The process is simple, but it can take considerable time to complete. Let’s look at a quick example. A facility that was bought at a 6 percent cap rate with an NOI of $250,000 in 2007 would be assessed at $4,200,000, with an annual tax payment due in the amount of $46,000. Cap rates have gone up since 2007, and if we apply a market cap rate of say 8 percent, the new assessed value is now $3,125,000, with an annual tax payment of $34,000. This simple case would translate into more than $14,000 in savings.
Raising Rents and Discounting Vacant Space
Raising rents at your storage facility is probably the simplest and easiest way to increase your income and property value. Although you'll probably get some push-back from your onsite management team, since they're the ones who'll be dealing with a few upset customers, you'll be shocked at how many tenants don’t move out and don’t fight the rate increase. Whenever we raise rents, we always follow a strict set of guidelines:
- Only raise the rent of tenants who have been at the facility for at least a year.
- Execute a 5 percent to 7 percent increase, maybe higher on the more desirable units.
- Typically do not raise rents on tenants with multiple units.
- Raise rents on July 1 and Jan.1, as tenants are preoccupied with the 4th of July and New Year's Eve holidays.
- If tenants complain and they are in a size with a lot of vacancy, we reverse the rent increase.
While raising rents, also consider cutting the board rates on units that aren’t renting. Depending on your market, certain sizes will always be in demand while others will struggle to lease up. To determine which sizes are consistently vacant, run an occupancy report and figure out what these units would bring in monthly if they were 100 percent rented. Since you know the unlikelihood of leasing these units, take that number and cut it in half.
Your goal now is to lease these vacant spaces for half the usual price. If you have 35 5-by-5s with a board rent of $75 per month, you now want to offer these units for $37.50. After all, it's better to make $37.50 per month than no dollars per month. You'll optimize your unit mix by adjusting less-desirable units to a rent that will attract renters.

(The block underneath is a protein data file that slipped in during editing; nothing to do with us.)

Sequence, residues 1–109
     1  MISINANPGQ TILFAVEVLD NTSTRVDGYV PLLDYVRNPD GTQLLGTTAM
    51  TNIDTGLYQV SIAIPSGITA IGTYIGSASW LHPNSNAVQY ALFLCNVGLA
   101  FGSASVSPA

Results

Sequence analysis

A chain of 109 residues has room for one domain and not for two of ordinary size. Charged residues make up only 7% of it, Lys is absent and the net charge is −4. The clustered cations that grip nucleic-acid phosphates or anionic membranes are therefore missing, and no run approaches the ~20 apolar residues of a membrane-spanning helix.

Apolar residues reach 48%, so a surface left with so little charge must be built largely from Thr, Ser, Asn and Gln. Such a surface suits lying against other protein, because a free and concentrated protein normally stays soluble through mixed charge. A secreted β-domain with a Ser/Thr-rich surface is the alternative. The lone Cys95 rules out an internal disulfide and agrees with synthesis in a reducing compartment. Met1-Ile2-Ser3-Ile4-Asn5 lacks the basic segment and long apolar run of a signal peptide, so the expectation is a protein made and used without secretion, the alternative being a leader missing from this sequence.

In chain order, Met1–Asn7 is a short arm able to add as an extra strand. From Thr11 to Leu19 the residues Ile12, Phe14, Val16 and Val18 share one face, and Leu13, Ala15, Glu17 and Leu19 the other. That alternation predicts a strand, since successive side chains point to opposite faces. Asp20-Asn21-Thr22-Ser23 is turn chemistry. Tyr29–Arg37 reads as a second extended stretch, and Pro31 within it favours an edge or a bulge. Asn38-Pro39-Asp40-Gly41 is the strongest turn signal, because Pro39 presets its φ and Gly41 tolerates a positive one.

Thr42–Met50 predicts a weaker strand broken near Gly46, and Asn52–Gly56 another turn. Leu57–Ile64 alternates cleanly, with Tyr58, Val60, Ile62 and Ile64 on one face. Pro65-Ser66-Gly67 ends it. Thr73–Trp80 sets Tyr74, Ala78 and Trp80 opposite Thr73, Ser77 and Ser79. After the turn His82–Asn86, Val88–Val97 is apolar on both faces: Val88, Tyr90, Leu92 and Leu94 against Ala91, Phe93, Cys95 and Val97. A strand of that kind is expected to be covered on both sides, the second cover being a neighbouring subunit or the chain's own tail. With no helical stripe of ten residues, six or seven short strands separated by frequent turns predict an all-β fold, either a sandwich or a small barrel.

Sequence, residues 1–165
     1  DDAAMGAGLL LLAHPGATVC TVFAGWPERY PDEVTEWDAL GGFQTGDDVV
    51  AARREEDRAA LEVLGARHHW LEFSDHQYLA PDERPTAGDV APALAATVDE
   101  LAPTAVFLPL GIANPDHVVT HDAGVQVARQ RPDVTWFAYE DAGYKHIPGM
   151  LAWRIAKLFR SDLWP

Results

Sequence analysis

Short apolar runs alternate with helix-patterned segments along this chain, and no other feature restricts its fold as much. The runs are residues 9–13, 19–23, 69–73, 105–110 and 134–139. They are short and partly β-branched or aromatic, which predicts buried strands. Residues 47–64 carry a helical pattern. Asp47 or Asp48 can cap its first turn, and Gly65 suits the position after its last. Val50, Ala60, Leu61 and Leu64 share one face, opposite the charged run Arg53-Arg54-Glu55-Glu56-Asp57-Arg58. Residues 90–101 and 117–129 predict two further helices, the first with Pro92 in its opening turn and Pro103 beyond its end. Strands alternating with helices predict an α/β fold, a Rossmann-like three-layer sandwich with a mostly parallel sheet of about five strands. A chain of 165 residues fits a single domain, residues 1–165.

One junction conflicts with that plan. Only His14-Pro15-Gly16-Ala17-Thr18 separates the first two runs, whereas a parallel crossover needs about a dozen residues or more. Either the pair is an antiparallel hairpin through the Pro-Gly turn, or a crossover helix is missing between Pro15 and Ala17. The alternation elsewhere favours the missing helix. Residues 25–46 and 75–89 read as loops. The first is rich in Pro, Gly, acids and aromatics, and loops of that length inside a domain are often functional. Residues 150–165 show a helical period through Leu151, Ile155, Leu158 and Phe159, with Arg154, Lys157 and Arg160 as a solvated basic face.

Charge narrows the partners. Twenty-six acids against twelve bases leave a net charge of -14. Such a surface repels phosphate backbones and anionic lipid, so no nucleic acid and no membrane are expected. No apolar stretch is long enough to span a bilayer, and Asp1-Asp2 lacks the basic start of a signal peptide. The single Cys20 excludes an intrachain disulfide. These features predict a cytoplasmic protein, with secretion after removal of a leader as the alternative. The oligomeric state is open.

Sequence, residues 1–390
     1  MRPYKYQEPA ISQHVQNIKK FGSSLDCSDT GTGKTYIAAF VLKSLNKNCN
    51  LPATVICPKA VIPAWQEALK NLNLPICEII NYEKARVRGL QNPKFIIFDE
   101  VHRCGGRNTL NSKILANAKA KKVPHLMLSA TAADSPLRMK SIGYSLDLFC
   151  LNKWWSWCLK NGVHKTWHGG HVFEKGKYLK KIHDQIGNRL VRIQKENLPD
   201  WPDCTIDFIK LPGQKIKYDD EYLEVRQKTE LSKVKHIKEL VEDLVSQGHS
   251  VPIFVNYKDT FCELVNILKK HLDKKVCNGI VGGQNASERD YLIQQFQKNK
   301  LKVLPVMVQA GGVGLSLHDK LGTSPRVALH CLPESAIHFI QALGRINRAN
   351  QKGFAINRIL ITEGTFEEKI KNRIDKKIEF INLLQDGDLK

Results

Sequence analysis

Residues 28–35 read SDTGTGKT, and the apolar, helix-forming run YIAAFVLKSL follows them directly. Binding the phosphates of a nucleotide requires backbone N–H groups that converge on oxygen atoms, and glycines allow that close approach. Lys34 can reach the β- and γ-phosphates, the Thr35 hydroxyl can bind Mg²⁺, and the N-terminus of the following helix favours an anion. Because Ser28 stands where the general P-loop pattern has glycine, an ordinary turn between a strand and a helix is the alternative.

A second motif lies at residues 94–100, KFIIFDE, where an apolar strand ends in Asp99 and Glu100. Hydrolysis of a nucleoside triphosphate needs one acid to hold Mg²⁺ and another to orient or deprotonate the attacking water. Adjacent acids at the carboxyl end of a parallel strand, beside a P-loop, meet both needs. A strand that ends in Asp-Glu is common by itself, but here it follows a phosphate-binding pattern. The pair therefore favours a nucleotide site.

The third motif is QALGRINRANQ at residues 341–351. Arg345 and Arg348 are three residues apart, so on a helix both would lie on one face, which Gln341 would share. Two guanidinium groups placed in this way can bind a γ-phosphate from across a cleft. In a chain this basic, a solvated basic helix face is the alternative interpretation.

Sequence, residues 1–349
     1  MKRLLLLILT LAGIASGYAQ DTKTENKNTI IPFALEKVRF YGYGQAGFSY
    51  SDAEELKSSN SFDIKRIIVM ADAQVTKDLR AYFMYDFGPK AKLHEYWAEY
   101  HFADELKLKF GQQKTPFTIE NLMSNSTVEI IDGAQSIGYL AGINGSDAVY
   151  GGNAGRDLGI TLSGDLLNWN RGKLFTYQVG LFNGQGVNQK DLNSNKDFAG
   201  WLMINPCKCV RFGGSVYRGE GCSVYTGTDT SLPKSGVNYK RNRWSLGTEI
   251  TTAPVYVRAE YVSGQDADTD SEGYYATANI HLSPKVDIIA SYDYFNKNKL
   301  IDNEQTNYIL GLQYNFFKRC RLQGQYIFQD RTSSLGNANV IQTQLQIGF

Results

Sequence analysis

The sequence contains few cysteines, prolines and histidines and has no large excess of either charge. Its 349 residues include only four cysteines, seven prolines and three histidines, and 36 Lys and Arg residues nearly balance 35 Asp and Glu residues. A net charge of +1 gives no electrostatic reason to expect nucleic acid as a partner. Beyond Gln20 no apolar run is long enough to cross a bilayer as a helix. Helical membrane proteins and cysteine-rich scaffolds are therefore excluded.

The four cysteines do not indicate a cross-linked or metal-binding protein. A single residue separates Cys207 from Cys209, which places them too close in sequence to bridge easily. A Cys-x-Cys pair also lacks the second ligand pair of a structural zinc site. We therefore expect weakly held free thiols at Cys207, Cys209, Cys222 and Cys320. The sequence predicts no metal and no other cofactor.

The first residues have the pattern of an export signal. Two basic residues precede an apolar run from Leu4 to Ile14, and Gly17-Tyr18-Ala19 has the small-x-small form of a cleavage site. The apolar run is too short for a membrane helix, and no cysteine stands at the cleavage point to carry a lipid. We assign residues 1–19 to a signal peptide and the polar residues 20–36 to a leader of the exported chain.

Although these are just a few examples on how to increase your cash flow while decreasing expenses, the key is to think outside of the box. More important, understanding where every dollar comes from and where it's spent will give you a whole new outlook on running your property.
You'll see the changes that need to be made by paying close attention to your onsite operation while evaluating your income and expense numbers monthly. You can easily make positive changes that will not only put more money in your pocket but help increase your facility market value.
Jason “Jay” Allen and Carl Touhey are co-founders of Performance Self Storage Group. Launched in 2010, the firm specializes in self-storage management, marketing and training. Allen began his real estate career in 1997 performing feasibility studies and evaluations. He’s well-versed in self-storage investment, management, marketing and consulting. Touhey began his real estate career in 1986 and entered the self-storage industry in 1992. He has brokered more than $200 million in self-storage sales, and his family owns and operates eight facilities. For more information, visit www.performanceselfstoragegroup.com.